National Sovereignty and Corporate Power


Multinational corporations present real challenges to a nation’s sovereignty and independence. The national sovereignty principle holds that a nation is a sovereign state whose laws, customs, and regulations must be respected. It means that a national government has the right, power, and authority to create laws, rules, and regulations regarding business conducted within its borders.

The second principle that shapes business-government relations in most countries is the business legitimacy principle. This principle holds that a company’s behavior is legitimate if it complies with the laws of the nation and responds to the expectations of its stakeholders. In theory, the principles of national sovereignty and business legitimacy are not in conflict.

As multinational corporations reach across national borders, their global operations may exceed the regulatory influence of national governments. This has raised concerns about the emergence of stateless corporation. These corporations have facilities, shareholders, and customers everywhere. Therefore, they seem to owe loyalty to no single nation and are able to organize and recognize around the globe. There are economic and political advantages to being, or appearing to be, stateless.

My Consultancy–Asif J. Mir – Management Consultant–transforms organizations where people have the freedom to be creative, a place that brings out the best in everybody–an open, fair place where people have a sense that what they do matters. For details please visit www.asifjmir.com, and my Lectures.

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Ethical Expectations and Public Values


Ethical expectations are a vital part of the business environment. The public expects business to be ethical and wants corporate managers to apply ethical principles—in other words, guidelines about what is right and wrong, fair and unfair, and morally correct—when they make business decisions.

In the global arena, ethical standards—and even what is meant by ethics—can vary from one society to another. In spite of differences in ethical meanings, cultural variation does not automatically rule out common ethical agreement being reached among people of different societies.

Human rights issues have become more prominent and important for business. For many years that pressure was exerted on South Africa’s political leaders to halt racially discriminatory practices of apartheid and its business leaders to challenge the South African government’s enforcement of the policy.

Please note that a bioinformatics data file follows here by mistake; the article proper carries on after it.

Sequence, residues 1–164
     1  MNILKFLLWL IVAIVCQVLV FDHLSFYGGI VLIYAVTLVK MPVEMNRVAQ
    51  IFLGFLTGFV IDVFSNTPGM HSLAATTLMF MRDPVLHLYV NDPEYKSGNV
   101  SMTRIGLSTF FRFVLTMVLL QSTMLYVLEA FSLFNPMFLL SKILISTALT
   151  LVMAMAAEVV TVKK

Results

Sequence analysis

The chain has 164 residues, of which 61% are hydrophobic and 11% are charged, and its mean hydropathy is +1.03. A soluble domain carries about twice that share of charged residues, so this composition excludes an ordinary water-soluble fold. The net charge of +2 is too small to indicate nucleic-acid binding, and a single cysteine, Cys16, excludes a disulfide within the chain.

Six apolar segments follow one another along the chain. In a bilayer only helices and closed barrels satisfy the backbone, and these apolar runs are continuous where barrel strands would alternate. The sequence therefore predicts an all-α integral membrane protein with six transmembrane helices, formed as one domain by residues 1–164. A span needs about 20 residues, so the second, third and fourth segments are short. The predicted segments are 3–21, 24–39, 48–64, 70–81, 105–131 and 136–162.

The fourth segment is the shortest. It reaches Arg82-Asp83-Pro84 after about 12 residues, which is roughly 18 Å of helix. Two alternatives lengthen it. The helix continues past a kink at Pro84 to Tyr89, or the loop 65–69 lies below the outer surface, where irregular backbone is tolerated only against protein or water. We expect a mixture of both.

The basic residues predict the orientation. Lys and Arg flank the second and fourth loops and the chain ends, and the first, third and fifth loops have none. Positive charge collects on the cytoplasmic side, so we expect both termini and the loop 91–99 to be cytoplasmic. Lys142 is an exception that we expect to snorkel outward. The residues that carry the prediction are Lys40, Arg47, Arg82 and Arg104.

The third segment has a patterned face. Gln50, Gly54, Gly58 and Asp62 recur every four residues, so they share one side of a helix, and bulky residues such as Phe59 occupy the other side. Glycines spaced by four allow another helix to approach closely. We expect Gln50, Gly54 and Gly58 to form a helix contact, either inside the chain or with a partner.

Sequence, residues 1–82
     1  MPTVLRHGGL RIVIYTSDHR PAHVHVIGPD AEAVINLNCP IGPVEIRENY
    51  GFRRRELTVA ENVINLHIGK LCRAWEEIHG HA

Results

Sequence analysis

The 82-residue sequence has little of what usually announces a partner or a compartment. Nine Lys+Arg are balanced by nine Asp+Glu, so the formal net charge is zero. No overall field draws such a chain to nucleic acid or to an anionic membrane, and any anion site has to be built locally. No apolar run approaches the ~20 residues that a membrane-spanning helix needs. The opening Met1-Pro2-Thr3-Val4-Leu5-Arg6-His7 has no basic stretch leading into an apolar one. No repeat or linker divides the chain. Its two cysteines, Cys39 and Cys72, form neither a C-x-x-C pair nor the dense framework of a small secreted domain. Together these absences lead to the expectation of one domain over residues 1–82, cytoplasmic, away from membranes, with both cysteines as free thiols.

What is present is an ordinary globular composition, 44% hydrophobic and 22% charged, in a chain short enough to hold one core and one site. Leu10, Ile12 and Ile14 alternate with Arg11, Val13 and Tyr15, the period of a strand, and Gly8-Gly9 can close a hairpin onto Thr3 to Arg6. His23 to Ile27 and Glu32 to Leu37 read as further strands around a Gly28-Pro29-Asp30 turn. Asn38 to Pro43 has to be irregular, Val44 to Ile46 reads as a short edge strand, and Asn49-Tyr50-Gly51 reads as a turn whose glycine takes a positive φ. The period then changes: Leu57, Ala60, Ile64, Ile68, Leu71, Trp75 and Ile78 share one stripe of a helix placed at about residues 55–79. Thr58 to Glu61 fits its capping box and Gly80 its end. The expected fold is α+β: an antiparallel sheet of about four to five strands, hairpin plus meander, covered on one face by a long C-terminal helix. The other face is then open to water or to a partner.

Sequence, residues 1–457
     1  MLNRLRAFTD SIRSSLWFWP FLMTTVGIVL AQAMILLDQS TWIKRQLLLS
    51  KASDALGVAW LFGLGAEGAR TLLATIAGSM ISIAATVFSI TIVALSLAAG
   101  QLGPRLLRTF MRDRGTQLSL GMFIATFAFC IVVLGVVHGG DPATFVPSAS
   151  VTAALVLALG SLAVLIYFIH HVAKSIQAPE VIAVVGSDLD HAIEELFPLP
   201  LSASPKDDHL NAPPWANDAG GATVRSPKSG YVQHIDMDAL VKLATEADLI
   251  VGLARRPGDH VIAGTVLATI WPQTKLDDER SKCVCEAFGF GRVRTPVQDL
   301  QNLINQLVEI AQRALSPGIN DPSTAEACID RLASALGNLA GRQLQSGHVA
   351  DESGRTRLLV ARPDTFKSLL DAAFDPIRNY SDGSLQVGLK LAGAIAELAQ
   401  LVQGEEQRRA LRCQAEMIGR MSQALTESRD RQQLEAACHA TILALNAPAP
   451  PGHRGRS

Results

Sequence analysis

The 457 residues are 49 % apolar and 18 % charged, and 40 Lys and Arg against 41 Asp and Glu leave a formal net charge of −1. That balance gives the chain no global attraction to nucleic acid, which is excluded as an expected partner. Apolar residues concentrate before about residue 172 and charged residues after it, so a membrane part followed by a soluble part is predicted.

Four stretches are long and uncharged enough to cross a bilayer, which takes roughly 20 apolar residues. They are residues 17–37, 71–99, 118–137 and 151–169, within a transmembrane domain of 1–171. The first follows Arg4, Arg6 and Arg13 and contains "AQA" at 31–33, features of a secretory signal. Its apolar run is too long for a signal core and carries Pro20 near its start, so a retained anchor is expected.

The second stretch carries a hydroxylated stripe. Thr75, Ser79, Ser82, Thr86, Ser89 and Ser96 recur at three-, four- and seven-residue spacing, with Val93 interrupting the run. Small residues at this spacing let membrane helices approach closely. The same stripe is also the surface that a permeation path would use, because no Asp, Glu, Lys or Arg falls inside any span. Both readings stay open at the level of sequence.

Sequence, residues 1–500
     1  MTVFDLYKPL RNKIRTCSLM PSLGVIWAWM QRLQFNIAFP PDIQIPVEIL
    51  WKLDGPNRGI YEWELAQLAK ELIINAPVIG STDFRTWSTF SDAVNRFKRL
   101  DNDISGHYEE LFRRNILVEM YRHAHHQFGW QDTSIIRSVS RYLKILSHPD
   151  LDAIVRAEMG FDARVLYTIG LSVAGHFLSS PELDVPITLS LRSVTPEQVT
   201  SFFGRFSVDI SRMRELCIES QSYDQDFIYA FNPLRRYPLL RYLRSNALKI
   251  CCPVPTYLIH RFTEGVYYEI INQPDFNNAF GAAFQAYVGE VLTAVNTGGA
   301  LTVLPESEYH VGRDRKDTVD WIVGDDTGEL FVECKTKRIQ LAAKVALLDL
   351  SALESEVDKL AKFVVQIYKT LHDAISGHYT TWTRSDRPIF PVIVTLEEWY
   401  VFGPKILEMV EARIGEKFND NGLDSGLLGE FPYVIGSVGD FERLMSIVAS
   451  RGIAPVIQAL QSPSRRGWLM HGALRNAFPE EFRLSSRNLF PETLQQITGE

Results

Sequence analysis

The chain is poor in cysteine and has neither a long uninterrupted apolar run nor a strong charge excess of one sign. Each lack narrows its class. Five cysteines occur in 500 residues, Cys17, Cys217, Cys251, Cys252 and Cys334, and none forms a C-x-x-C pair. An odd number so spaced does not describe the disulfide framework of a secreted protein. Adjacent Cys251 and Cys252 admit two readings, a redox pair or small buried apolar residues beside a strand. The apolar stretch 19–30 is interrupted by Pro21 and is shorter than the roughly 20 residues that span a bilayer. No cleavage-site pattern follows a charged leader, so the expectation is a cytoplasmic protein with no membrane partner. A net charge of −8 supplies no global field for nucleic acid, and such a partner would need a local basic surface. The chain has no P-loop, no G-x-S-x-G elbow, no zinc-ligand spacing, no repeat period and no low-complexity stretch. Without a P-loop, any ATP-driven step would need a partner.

The question is not, ‘Should business be ethical?’ nor is it, ‘Should business be economically different?’ Society wants business to be both at the same time. Ethical behavior is a key aspect of corporate social performance. To maintain public support and credibility—that is, business legitimacy—businesses must find ways to balance and integrate these two social demands: high economic performance and high ethical standards. When a company and its employees act ethically in dealings with other stakeholders, they are improving the organization’s contribution as a social actor. When they fail to act ethically, there is the risk of losing the public support an organization needs to be credible and successful.

Business leaders are faced with the continuing challenge of meeting public expectations that are, themselves, always changing. Yesterday’s acceptable behavior may not be tolerated today. Many forms of harassment and discrimination were once common. Today, however, social standards make such actions unacceptable. Public expectations of service and ethical behavior are as relevant to a business as customer expectations regarding products such as automobiles and computers.

My Consultancy–Asif J. Mir – Management Consultant–transforms organizations where people have the freedom to be creative, a place that brings out the best in everybody–an open, fair place where people have a sense that what they do matters. For details please visit www.asifjmir.com, and my Lectures.

Planning to Plan


The purpose of the first step in the strategic planning process is to develop among key internal decision makers an initial agreement about the overall strategic planning effort and main planning steps. This represents a kind of “plan to plan.”

The support and commitment of key decision makers are vital if strategic planning and change are to succeed. But the importance o their early involvement goes beyond the need for their support and commitment. They supply information vital to the planning effort: who should be involved, when key decision points will occur, and what arguments are likely to be persuasive at various points in the process. They can also provide critical resources legitimacy, staff assignments, a budget, and meeting space.

Every strategic planning effort is in effect a story or play that must have the correct setting; themes; plots and subplots; actors; scenes; beginning, middle, and conclusion; and interpretation. Only key decision makers have access to enough information and resources to allow for the effective development and direction of such a story.

My Consultancy–Asif J. Mir – Management Consultant–transforms organizations where people have the freedom to be creative, a place that brings out the best in everybody–an open, fair place where people have a sense that what they do matters. For details please visit www.asifjmir.com, Line of Sight